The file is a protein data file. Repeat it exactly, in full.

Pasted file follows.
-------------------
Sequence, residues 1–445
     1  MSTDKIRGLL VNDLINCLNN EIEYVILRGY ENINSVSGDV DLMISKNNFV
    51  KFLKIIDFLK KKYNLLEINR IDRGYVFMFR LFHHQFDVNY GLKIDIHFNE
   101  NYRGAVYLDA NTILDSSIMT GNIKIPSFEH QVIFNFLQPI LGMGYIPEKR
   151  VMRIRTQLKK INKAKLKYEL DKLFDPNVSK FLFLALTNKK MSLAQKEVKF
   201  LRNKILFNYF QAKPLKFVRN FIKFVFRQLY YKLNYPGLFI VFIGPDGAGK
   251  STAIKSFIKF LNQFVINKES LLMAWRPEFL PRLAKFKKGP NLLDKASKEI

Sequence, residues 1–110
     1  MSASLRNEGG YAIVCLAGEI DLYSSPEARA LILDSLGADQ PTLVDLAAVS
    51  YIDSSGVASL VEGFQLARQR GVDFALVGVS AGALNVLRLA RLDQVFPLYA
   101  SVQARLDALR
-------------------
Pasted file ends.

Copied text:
Sequence, residues 1–445
     1  MSTDKIRGLL VNDLINCLNN EIEYVILRGY ENINSVSGDV DLMISKNNFV
    51  KFLKIIDFLK KKYNLLEINR IDRGYVFMFR LFHHQFDVNY GLKIDIHFNE
   101  NYRGAVYLDA NTILDSSIMT GNIKIPSFEH QVIFNFLQPI LGMGYIPEKR
   151  VMRIRTQLKK INKAKLKYEL DKLFDPNVSK FLFLALTNKK MSLAQKEVKF
   201  LRNKILFNYF QAKPLKFVRN FIKFVFRQLY YKLNYPGLFI VFIGPDGAGK
   251  STAIKSFIKF LNQFVINKES LLMAWRPEFL PRLAKFKKGP NLLDKASKEI

Sequence, residues 1–110
     1  MSASLRNEGG YAIVCLAGEI DLYSSPEARA LILDSLGADQ PTLVDLAAVS
    51  YIDSSGVASL VEGFQLARQR GVDFALVGVS AGALNVLRLA RLDQVFPLYA
   101  SVQARLDALR